Old trust for old house. New house new grant deed. Does old trust outpower new deed?
She lives in the house with us and we do everything for her. What is your advice what should we do.
7 attorney answers
As many of the others on here have advised, there are too many issues you raised that provide a level of confusion or uncertainty to the situation for us to be able to get a clear picture of the situation.
Issues that need to be clarified are the following: Review of Deed/Chain of title, evaluation of the mental state of grandma now and when the second house was purchased, grandma's intended disposition of her estate (not your or her son's wishes), review of the terms of the "old" trust.
Without actually reviewing the deed, it seems that the joint tenancy would control the transfer of the property following her death unless she otherwise severs the joint tenancy. However, as others have mentioned there are always potential challenges on a basis of undue influence or financial elder abuse.
It'd be advisable to consult with an attorney. In all likelihood, it's a good idea to actually have two separate attorneys (one for you and a separate one for your grandma).
Your situation has too many uncertainties and requires an in-depth legal review. I suggest hiring an experienced estate planning attorney now to minimize the legal risks which are very likely in your case.
This question actually has many moving parts. Taking legal advice from a realtor is unwise. This is fact dependent. You all need to spend the money (now) because the savings later will be more than just financial. Hire an estate planner. With a law degree.
This is general advice. You are anonymous. If you PM me I won’t know what it’s about.
My colleagues have given you good advice with which I concur. If you want more opinions use the AVVO feature “Find a Lawyer”. Make a list of 4-5 having many 5 star reviews from satisfied clients. If you don't get a prompt call back from one, go on to the next on your list. Some offer a free consultation by phone or in person.
That said, you don't need a new trust because you have acquired a new property. The prior trust will usually suffice.
If my answer is "BEST ANSWER" and/or "HELPFUL" please acknowledge and mark it so. I appreciate your comments and feedback. I have been practicing law since 1976 serving thousands of clients with successful legal experience with cases like yours. My response is often general in nature because all facts are unknown to me. Specific answers require knowledge of all the relevant facts of your case. Follow up questions are invited. You are not my client and I am not your attorney. This advice is given in the spirit of the AVVO platform and is based on general legal principles. You become a client when you enter into a formal retainer agreement with me.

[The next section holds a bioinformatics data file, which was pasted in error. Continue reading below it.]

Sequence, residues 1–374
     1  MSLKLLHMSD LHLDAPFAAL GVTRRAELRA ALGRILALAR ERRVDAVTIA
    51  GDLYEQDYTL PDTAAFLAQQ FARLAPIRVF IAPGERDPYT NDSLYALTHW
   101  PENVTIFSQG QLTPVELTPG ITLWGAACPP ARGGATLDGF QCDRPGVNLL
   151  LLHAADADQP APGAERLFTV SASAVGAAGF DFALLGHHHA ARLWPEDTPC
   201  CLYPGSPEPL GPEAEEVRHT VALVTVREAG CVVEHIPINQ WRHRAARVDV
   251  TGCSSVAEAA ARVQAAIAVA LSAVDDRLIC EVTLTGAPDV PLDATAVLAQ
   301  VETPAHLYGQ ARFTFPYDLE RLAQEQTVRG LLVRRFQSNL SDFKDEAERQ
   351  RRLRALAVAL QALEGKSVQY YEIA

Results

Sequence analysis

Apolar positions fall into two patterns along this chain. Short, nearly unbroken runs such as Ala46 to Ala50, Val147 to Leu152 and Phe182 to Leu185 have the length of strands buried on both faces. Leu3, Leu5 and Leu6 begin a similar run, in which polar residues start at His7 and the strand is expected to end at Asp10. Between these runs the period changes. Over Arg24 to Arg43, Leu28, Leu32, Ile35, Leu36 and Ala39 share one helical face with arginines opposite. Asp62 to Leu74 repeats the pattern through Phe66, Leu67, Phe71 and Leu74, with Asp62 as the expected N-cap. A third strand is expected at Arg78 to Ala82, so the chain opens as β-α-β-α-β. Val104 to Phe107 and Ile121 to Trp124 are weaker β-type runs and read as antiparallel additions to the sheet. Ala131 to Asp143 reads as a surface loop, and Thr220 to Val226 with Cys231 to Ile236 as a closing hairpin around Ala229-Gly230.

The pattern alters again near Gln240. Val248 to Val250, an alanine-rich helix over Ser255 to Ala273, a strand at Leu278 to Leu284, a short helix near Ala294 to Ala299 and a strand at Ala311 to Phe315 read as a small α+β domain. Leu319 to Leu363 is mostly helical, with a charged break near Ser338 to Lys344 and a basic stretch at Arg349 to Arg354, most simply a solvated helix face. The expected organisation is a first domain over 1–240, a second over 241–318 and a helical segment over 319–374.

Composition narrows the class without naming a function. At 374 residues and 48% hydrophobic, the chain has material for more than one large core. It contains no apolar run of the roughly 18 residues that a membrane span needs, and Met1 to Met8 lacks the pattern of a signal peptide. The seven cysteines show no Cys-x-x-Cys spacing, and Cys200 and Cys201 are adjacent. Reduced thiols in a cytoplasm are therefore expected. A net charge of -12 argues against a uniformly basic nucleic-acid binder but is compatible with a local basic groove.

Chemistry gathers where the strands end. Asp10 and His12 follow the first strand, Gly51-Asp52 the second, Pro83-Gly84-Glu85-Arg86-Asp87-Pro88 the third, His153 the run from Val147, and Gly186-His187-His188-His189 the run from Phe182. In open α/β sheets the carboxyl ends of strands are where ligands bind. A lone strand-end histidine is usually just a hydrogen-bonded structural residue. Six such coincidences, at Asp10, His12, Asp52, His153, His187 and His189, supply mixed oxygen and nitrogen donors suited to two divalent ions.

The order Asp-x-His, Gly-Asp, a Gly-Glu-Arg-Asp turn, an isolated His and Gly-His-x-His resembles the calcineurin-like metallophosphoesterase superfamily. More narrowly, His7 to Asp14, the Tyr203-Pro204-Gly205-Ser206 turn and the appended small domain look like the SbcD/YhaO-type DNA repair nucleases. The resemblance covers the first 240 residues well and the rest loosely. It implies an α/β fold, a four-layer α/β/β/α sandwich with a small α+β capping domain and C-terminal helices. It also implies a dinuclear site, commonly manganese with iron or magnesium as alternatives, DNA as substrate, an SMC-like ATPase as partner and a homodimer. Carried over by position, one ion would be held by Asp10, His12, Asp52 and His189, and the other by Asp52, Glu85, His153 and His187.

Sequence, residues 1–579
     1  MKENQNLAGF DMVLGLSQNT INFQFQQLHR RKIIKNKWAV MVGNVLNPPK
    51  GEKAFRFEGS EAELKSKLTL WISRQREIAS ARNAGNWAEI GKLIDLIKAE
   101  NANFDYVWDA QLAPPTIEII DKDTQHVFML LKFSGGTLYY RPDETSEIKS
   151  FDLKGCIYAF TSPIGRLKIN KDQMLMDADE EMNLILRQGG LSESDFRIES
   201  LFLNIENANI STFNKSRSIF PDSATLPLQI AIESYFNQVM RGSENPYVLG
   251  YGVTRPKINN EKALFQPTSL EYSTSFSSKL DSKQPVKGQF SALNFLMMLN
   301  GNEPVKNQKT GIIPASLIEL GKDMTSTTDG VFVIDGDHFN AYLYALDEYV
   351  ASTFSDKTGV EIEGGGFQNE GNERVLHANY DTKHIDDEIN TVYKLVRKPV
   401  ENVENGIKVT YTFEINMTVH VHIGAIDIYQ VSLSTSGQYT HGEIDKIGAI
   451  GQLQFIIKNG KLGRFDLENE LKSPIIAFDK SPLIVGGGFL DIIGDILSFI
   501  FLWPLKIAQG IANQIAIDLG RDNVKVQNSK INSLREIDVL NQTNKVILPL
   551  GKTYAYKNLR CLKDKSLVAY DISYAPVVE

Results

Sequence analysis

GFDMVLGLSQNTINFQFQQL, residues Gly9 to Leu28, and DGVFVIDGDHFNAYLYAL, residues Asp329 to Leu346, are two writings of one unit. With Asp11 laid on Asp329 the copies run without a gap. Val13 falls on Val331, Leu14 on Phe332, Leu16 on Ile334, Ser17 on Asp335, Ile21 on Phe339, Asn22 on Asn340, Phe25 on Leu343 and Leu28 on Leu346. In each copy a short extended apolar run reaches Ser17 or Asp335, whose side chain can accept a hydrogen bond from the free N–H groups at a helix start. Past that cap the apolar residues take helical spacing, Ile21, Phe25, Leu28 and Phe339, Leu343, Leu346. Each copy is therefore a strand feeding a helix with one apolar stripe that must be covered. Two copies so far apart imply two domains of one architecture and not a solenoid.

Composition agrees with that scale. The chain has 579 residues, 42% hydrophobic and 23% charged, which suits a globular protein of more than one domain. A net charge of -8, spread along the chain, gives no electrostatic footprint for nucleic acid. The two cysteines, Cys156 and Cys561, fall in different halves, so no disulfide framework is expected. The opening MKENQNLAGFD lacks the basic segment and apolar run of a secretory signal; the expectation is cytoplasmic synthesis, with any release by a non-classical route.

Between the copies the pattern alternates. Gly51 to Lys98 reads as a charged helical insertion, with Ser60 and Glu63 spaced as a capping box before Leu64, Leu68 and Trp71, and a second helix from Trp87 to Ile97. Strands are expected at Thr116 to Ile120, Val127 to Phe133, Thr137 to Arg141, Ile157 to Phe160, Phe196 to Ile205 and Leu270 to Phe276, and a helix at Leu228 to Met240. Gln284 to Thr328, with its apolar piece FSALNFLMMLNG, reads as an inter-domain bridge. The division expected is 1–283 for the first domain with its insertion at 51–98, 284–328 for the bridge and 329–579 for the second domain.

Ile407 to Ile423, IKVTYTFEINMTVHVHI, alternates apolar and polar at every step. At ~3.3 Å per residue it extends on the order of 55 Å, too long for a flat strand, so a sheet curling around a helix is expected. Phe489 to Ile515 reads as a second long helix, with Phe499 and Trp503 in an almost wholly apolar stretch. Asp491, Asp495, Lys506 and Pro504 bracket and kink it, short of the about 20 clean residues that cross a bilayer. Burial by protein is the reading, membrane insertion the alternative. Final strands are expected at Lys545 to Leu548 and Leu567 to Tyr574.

Grandma needs to make these choices, not you or her son. The fact that you are on the house as a joint tenant is concerning because when she passes the house automatically goes to you. Her son will likely sue you for undue influence or possible lack of capacity depending on grandma's mental capacity and understanding of what happened when this house was purchased.
The trust does not govern property held in joint tenancy. Most power of attorneys do not give the agent the power to amend a trust agreement. Most likely, it gives him the ability to terminate the joint tenancy, in which event the house will be held as tenants in common. You don’t give all of the important facts. Who is the trustee and successor trustee under her Trust. A solution is to amend her trust in order to protect your interests. Hope she still has capacity. You definitely need to retain an estate planning attorney to advise and assist you.
Too much ambiguity in question to meaningfully advise what to do.
I need much more case specific information, title review, facts need to sort this out.
-chain of title;
-research reimbursement claims
If my answer is "BEST ANSWER" and/or "HELPFUL" please acknowledge and mark it so. I appreciate your comments and feedback. I have more than 25 years of successful legal experience with cases like yours. My response is often general in nature because all facts are unknown to me. Specific answers require knowledge of all the relevant facts of your case.
Top Contributor 2021
Top Contributor 2020
Top Contributor 2019
Top Contributor 2018
Top Contributor 2017
Top Contributor 2016
Top Contributor 2015
Top Contributor 2014